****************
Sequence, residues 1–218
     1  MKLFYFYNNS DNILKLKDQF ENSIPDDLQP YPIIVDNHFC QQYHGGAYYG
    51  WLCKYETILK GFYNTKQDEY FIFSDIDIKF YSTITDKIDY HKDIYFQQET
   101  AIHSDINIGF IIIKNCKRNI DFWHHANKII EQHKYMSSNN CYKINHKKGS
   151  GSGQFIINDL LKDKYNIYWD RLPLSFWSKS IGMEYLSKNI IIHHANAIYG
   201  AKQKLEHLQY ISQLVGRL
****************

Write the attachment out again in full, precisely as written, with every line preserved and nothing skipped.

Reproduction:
Sequence, residues 1–218
     1  MKLFYFYNNS DNILKLKDQF ENSIPDDLQP YPIIVDNHFC QQYHGGAYYG
    51  WLCKYETILK GFYNTKQDEY FIFSDIDIKF YSTITDKIDY HKDIYFQQET
   101  AIHSDINIGF IIIKNCKRNI DFWHHANKII EQHKYMSSNN CYKINHKKGS
   151  GSGQFIINDL LKDKYNIYWD RLPLSFWSKS IGMEYLSKNI IIHHANAIYG
   201  AKQKLEHLQY ISQLVGRL